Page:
Category Archives: Inflation

Reconnecting the Monetary Economy to the Real Economy

This article was excerpted from my June, 2022 Newsletter which you can view in its entirety at my Mailchimp site. You can also sign up there to receive future newsletter editions.


Reconnecting the Monetary Economy to the Real Economy
Money is the “hole” that is defined by the “doughnut” of real goods and services; it is the nothing that serves only to account for that which is available in the real economy. When pseudo-money can be created by fiat, apart from anything of real value, confusion and madness ensue. — T. H. Greco, Jr.
 
I’ve been arguing for more than 40 years that the global system of money, banking, and finance is fatally flawed, and now its condition has become acute. Since 2008 it has been on life support. The connections between the monetary economy and the real economy have long been tenuous, but in recent years have been severed to the point of non-existence. When banks and governments can create quasi-money out of nothing without any real value basis and allocate it selectively to advance political agendas, you know the end is near. The last vestiges of budgetary restraint on federal government spending have been eliminated along with any concern about what people really need and want. The results have been the ever-increasing centralization of power at the federal level, central planning of the economy, worsening price inflation, declining purchasing power of fiat money, increasing corporate ownership of real assets, especially residential real estate, zero or negative returns on people’s savings, and increasing disparities of income and wealth. The only way this system can be perpetuated is by the complete elimination of any semblance of democratic government. As E. C. Riegel observed almost 80 years ago:
“Society is in the twilight of a passing day. The state now undertakes to finance the
economy, and, since a free economy is manifestly impossible where the state assumes the responsibility of supplying the money circulation, the politician is compelled to choose between fascism and communism.”
Private Enterprise Money
 
“Quantitative easing,” bank bailouts, and central bank purchases of securities from the debt and equity markets have been desperate, last gasp measures to try to save the dysfunctional and destructive system. At first the inflation was confined mainly to financial assets, particularly corporate stocks, as central banks intervened in the markets on the buying side. Then, with the massive bailouts and handouts that were doled out during 2020 and 2021, and the accompany lockdowns and forced closures of small businesses, price inflation shifted over to real estate prices, residential rents, commodities, and consumer goods and services. The system is doomed and must eventually give way to new, more sustainable and equitable systems of exchange and finance. Though barely noticeable, that process has been underway for some time at the micro level of communities and small businesses, but changing circumstances are now stimulating major changes at the macro level of national governments and global trade.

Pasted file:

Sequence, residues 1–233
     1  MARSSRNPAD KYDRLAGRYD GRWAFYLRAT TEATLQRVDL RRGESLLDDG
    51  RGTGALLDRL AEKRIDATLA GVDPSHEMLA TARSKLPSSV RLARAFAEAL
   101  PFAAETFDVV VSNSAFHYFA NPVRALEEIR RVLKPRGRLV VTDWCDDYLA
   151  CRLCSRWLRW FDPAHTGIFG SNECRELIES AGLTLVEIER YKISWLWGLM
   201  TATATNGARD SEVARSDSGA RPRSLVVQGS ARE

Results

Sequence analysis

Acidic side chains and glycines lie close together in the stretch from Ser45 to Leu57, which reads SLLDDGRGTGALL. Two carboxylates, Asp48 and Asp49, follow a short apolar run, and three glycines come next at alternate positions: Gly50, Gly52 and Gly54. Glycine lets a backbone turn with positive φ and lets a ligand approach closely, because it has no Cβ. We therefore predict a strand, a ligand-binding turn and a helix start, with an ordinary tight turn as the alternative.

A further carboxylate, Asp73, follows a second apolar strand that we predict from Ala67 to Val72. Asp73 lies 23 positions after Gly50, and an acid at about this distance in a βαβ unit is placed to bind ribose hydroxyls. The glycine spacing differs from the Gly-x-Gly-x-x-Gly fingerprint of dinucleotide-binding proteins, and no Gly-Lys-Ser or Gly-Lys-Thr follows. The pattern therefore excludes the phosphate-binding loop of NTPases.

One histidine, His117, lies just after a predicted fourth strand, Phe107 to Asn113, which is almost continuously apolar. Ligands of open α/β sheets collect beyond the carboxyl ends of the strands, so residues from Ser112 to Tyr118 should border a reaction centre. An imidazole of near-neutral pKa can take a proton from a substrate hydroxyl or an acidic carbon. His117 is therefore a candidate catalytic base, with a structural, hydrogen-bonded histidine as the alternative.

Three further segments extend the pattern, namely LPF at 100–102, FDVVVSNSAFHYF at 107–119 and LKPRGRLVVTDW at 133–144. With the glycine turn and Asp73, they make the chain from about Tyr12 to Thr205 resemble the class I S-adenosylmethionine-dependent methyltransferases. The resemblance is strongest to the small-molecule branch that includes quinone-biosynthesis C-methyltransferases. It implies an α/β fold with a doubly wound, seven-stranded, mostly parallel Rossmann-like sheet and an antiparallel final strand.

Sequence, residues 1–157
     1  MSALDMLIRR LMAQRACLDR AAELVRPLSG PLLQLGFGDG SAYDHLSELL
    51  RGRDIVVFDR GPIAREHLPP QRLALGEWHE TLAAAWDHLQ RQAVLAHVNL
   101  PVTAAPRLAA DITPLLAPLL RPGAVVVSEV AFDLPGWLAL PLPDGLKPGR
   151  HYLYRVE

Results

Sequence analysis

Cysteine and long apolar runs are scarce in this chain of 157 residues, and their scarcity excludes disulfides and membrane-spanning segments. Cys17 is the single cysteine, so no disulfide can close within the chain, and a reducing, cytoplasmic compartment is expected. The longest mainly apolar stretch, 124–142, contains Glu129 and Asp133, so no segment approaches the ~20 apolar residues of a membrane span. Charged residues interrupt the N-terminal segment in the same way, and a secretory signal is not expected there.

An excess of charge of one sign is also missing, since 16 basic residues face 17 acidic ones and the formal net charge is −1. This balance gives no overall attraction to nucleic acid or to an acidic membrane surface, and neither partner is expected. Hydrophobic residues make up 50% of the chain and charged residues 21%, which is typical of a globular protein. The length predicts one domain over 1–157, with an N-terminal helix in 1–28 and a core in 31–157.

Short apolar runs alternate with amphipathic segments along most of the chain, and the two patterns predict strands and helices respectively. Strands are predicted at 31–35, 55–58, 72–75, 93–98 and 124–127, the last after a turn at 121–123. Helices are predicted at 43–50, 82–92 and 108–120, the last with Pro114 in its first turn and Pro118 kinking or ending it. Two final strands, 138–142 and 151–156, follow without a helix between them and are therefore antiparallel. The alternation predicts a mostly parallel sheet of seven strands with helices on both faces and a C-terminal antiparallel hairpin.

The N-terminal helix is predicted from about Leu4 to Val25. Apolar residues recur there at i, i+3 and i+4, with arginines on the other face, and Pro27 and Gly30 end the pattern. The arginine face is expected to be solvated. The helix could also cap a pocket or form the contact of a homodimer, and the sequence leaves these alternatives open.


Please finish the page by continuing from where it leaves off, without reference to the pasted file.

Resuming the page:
The connection between the real economy and the money economy must be inherent in any sustainable system of money and finance. The creation of sound exchange media (money) requires that money be spent into circulation by trusted producers of real valuable goods and services that are in the market and available to be delivered in the near-term. Money then is a mere place holder for real economic value; it is a credible promise that will be accepted as a form of payment.

            The Banker’s Last Gasp and the Great Monetary Reset
 
While the past several decades have seen the emergence of many successful approaches to decentralizing the control of credit through private currencies and independent commercial credit clearing circles, economic and financial corporatization and globalization have proceeded to place ever tighter control into the hands of an elite class who have used their money power as a weapon of war. The Breton Woods monetary agreement established toward the end of World War II made the US dollar the world’s reserve currency and allowed the US and its western European allies to dominate and control the machinery of money and finance. But with the breakdown of that agreement and the increasing application of financial and economic sanctions we now see that some countries, notably China and Russia, are taking independent action to protect their own economies and security interests.